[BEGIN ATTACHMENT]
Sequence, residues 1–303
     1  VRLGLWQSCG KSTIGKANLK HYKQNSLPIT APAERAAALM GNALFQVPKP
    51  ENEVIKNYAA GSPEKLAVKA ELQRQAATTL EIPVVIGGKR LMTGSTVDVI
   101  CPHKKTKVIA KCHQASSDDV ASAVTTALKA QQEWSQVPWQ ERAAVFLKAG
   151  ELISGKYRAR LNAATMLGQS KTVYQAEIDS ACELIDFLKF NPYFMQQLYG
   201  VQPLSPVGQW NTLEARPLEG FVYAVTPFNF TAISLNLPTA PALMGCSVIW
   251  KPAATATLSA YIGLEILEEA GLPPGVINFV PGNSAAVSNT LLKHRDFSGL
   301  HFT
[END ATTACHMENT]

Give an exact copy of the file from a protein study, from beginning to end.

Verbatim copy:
Sequence, residues 1–303
     1  VRLGLWQSCG KSTIGKANLK HYKQNSLPIT APAERAAALM GNALFQVPKP
    51  ENEVIKNYAA GSPEKLAVKA ELQRQAATTL EIPVVIGGKR LMTGSTVDVI
   101  CPHKKTKVIA KCHQASSDDV ASAVTTALKA QQEWSQVPWQ ERAAVFLKAG
   151  ELISGKYRAR LNAATMLGQS KTVYQAEIDS ACELIDFLKF NPYFMQQLYG
   201  VQPLSPVGQW NTLEARPLEG FVYAVTPFNF TAISLNLPTA PALMGCSVIW
   251  KPAATATLSA YIGLEILEEA GLPPGVINFV PGNSAAVSNT LLKHRDFSGL
   301  HFT